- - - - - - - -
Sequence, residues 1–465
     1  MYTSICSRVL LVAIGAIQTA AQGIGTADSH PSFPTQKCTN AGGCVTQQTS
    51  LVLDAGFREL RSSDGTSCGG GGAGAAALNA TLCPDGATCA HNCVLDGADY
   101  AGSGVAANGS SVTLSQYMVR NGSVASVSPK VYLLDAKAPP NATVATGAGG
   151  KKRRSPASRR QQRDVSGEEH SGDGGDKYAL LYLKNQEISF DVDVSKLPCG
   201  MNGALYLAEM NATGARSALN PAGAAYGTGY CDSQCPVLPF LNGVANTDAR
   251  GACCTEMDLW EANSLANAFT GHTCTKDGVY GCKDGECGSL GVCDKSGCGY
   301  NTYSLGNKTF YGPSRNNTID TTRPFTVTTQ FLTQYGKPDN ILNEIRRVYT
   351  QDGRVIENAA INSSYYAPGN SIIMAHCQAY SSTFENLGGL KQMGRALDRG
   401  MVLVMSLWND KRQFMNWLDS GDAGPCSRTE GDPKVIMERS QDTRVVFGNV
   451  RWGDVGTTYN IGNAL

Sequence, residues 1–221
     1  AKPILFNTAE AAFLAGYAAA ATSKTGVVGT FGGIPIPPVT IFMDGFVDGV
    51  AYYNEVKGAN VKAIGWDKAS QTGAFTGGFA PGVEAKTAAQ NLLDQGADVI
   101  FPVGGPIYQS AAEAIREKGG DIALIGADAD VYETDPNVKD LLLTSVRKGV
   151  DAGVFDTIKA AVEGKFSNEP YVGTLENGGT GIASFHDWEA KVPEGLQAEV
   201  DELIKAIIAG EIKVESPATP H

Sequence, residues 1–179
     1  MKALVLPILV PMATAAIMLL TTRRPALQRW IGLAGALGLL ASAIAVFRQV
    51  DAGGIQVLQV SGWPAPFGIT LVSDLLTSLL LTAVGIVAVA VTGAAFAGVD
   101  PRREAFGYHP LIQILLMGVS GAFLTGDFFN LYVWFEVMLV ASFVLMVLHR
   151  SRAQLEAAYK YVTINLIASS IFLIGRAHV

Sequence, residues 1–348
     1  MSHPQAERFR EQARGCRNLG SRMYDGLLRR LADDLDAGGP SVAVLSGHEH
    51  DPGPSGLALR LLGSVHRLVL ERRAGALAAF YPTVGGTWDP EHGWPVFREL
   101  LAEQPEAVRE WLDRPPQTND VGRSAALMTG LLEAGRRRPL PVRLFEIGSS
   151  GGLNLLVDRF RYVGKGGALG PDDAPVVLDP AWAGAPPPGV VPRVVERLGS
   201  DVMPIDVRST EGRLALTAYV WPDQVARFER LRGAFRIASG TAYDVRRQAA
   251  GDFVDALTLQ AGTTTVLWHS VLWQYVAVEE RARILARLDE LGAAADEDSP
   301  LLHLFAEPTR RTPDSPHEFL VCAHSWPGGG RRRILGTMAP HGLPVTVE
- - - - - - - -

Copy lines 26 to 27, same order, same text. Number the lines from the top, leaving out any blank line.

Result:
   101  LAEQPEAVRE WLDRPPQTND VGRSAALMTG LLEAGRRRPL PVRLFEIGSS
   151  GGLNLLVDRF RYVGKGGALG PDDAPVVLDP AWAGAPPPGV VPRVVERLGS